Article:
14 MAC protocol design Best case scenario: «A successful packet transmission must be followed by another packet transmission without overheads». In this case E[Nc]=0, E[Bc]=0 which ends up to: Back off time Bi assignment, should be zero for transmission station and infinite for all other stations. This is the idea for perfect scheduling. The probability of packet transmission for station i would be:
15 The station i keeps it’s CW size (min value) and transmits again with p trans = 1. But, dominance of the medium by one single node must be prevented. In this case we reduce the amount of idle back off slots for the deferred stations and keep up fairness in the usage of the medium by inserting a fast back off timer reduction algorithm into the FCR. Generally p trans = 1/(Bi+1)
16 Operational Characteristics of a MAC protocol with high throughput and good fairness Small random back off timer for the station that just completes a successful transmission in a contention cycle. Large random back off timer for the stations that are deferred in the specific contention cycle. Adaptive assignment of back off timers according to stations current states. Transmitting or deferring. All deferred stations will give more time to the transmitting station to finish with back logged packets (net effect). Upper limit of successive transmissions by any node.
17 Special Topics in proposed “FCR” CW size for deferring changes whenever an idle slot is detected. Additional back off time regeneration for transmitting stations to avoid future collisions. Use much smaller minimum initial CW size and much larger maximum CW size than IEEE 802.11 MAC. Reduce the back off timers exponentially when a prefixed number of idle slots are detected. When back of timers increase, the probability of collisions decrease. There is a maximum successive packet transmis- sion limit to keep good fairness. Fast Collision Resolution Algorithm
18 Detailed FCR algorithm Back off procedure Initial Decrement of Back off Time: BT new = BT old - aSlotTime If (minCW+1)*2-1 idle time slots being detected BT new = BT old -BT old /2 Transmission Failure (packet collision) If a station receive no ack signal the CW size will be increased and a new random back off time will be chosen: CW=min (max CW, CW*2) BT=uniform(0,CW-1)*aSlotTime
19 Successful packet transmission If a station receive an ack signal new CW,BT values will be assigned. CW=min (CW) BT=uniform(0,CW-1)*aSlotTime If the station reach the upper limit of successive transmissions then: CW=max (CW) BT=uniform(0,CW-1)*aSlotTime Deferring State CW= min (maxCW,CW*2) BT=uniform(0,CW-1)*aSlotTime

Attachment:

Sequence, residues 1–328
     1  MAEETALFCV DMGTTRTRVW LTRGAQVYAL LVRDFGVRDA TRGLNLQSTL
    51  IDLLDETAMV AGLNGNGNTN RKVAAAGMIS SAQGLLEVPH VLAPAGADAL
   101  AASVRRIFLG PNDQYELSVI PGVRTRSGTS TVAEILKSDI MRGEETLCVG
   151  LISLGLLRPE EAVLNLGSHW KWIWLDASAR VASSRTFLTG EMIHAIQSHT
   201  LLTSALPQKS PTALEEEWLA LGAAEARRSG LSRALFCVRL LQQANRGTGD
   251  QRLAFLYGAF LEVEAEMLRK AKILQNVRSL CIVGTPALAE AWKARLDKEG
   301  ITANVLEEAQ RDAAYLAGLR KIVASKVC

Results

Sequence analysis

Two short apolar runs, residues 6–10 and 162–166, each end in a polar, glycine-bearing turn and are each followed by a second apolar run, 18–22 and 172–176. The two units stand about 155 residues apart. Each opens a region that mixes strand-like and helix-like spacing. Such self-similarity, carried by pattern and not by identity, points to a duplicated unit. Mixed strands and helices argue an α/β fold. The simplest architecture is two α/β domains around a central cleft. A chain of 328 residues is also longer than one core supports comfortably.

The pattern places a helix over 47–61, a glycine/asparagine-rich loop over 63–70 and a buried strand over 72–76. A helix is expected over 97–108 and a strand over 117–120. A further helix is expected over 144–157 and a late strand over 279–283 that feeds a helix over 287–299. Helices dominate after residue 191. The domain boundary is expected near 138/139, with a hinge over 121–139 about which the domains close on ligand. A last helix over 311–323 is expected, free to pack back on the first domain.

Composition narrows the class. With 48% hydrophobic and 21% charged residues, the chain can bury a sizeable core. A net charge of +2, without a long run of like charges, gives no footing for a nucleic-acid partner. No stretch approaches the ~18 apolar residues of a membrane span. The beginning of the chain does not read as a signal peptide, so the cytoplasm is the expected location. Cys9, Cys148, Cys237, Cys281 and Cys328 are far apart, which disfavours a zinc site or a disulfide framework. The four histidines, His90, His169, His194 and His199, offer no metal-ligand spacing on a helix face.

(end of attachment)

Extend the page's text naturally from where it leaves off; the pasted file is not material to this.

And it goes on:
20 After a successful transmission, a station has the minimum CW size and smaller back off timer, hence higher probability to gain access of the medium. When a station reach the limit of successful transmission another station may win the contention by increasing it’s probability to gain medium access. If a good channel is being detected the modulation rate can be change in order to transmit more packets in the specific time period which is secured by Network Allocation Vector.
21 Performance Evaluation The parameters used in simulations based on the IEEE 802.11 network configurations The packet lengths are geometrically distributed (best effort data trials) hence the probability: P [ PacketLength ] = q i-1 *(1-q), i>=1 Thus the avg transmission time for a packet length Mean (m) = t s /1-q (μs) t s = aSlotTime
22 For 50 and 100 stations the IEEE 802.11 MAC algorithm shows very poor throughput performance because the number of collisions becomes higher as the number of active stations becomes larger. In the proposed FCR, future collisions can be prevented due to the increment of CW size (makes the probability of transmission lower of all the deferred stations by choosing properly CW sizes which is reflecting on BT period).
23 The proposed MAC protocol works well at saturated situation load. It also performs efficiently under light load conditions while providing high throughput as network loads increases. The number of stations hardly affects the performance of FCR. Adaptive characteristics of FCR in the medium access and medium status.
24 FCR resolves collisions faster than IEEE 802.11 The delay to the proposed FCR is the time period from the time that the packet arrives from the higher layer to the MAC layer until it is successfully transmitted. No queuing delay because of no other packet generation till the complete transmission of the current one.
25 FCR improves the throughput of FTP connections about 15-35% and also fairness index.
26 Conclusions FCR algorithm: 1.Improves the performance (throughput, fairness, packet delivery ratio) of the transport layer by reducing the average number of wasted idle slots. 2.Preserves simplicity in implementation. 3.Supports TCP and UDP protocols of transport layer by evaluating the degree of fairness. 4.Also improves the performance at higher levels due to efficient collision resolution mechanisms. 5.Incorporates innovative ideas about CW sizes that are reflected in BT periods which in turn change the transmission probabilities to avoid future collisions.